... than dead, he will doubtless do so. He is well fitted by education to keep a wild animal in captivity. His mode of pursuing game requires a more intimate knowledge of the habits of beasts than is ever acquired by sportsmen who use more perfect weapons. A savage is obliged to steal upon his game, and to watch like a jackal for the leavings of large beasts of prey. His own mode of life is akin to that of the creatures he hunts. Consequently, the savage is a good gamekeeper; captured animals thrive in his charge, and he finds it remunerative to take them a long ...
— Inquiries into Human Faculty and Its Development • Francis Galton

... with the descriptions we have read of Westminster Abbey, covered with the mouldering dust of ages, as generation after generation has been added to it, we can picture to the imagination the change passing years will make here. The silent hand of time will steal by degrees, the freshness and beauty from the polished marble, effacing their beauties, one by one, 'till all are obliterated, and green mould and moss occupy their places, and the monument shall cease to ...
— Withered Leaves from Memory's Garland • Abigail Stanley Hanna

... himself at the lower end of one of the tables, in such a position that he could keep his eye on the outer door, and, if need be, steal away unobserved. He calculated that his little brother must soon return from his flying journey, and he expected to hear from him some news of the vikings. In this expectation he was right; but when Alric did come, Erling saw and heard more than he ...
— Erling the Bold • R.M. Ballantyne

... commit a bare assault on me, this will not justify killing; but if he assault me in such a manner as to discover an intention to kill me, I have a right to destroy him, that I may put it out of his power to kill me. In the case you will have to consider, I do not know there was any attempt to steal from these persons; however, there were some persons concerned who would, probably enough, have stolen, if there had been anything to steal, and many were there who had no such disposition. But this is not the point we aim at. The question is, Are you satisfied the people made the attack in order ...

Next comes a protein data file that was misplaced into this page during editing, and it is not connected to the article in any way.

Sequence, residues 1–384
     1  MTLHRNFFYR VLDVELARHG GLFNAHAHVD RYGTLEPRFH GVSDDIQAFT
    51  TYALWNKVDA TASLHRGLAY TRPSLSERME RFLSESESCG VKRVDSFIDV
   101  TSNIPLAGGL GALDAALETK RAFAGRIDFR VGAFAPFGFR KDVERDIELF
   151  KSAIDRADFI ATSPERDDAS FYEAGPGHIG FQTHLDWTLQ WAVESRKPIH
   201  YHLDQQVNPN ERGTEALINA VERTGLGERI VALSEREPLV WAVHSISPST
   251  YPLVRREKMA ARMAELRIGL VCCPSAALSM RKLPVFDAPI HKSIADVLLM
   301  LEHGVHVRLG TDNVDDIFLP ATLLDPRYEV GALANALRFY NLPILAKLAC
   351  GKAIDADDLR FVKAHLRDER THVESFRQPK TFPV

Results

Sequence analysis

— The World's Best Orations, Vol. 1 (of 10) • Various

... woman, with an air of disdain. 'Is this the language of a man? When the Indians come to steal his cattle from the vaquero, does he sit still and say: God only can prevent them? No!— with his eye bent, and his hand ready, he follows upon their traces, till he has recovered his herds, or perished in the attempt. Go you and do as the vaquero! Track out the assassin of your father. That ...
— Wood Rangers - The Trappers of Sonora • Mayne Reid

... there a sort of pathological survival, an atavism, or a "throwing back" to the forgotten sins of the grandfathers. Here and there, some poor fellow afflicted with this disease may break into my socialistic house and steal my pictures and my wine. Poor chap! Deal with him very gently. He is not wicked. ...
— The Unsolved Riddle of Social Justice • Stephen Leacock

... cause" met in convention, I sometimes heard of it, and managed, boy-like, to steal in. When I did so, I used to sit and shudder on a back seat in the little hall. The anti-slavery denunciations poured out upon the churches, and backed up and pushed home by the logic of Green and the eloquence of Smith, were well ...
— Lippincott's Magazine, October 1885 • Various

... wheeled in their endless march, the well-known ones of the forenight giving place to strangers of the after hours, and Ridgar had begun to move with the caution of the hunted, inch by inch, out from the shelter of the lodge, when he felt a hand steal from the darkness and touch him with infinite care. He lay still and presently a ...
— The Maid of the Whispering Hills • Vingie E. Roe

... ever invented. It ejects a cylindrically-shaped bullet, tapered down almost to the fineness of a needle. Now," he added, with a faint smile and a rapid glance round the room, "if only one dared—" he turned in his chair, and I saw the thing steal out below his cuff, "one could free the ...
— The Master Mummer • E. Phillips Oppenheim

... berries 'twixt his horns, crimson-red as cochineal., Bobbing, wagging wantonly they tickled him, and oh, How his deft lips puckered round the reed, seemed to chase and steal Sky-music, earth-music, tree-music low! I said "Good-day, Thou!" He said, "Good-day, Thou!" Wiped his reed against the spotted doe-skin on his back, He said, "Come up here, and I will teach thee piping now. ...